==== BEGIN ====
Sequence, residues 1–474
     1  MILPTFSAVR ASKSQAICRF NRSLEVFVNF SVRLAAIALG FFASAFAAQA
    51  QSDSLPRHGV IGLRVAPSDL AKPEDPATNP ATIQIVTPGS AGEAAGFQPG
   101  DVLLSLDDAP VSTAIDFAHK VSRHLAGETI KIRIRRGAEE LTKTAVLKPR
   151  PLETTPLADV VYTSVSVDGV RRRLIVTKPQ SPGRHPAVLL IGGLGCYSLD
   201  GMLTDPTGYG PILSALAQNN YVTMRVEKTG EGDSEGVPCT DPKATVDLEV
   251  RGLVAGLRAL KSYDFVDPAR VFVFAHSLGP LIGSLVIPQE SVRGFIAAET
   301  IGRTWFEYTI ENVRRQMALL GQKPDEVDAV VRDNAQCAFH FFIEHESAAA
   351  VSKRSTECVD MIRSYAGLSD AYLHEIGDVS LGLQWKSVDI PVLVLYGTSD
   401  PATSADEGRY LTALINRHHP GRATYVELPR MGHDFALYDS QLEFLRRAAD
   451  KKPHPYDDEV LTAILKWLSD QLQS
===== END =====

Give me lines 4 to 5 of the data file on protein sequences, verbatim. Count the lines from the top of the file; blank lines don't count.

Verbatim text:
   101  DVLLSLDDAP VSTAIDFAHK VSRHLAGETI KIRIRRGAEE LTKTAVLKPR
   151  PLETTPLADV VYTSVSVDGV RRRLIVTKPQ SPGRHPAVLL IGGLGCYSLD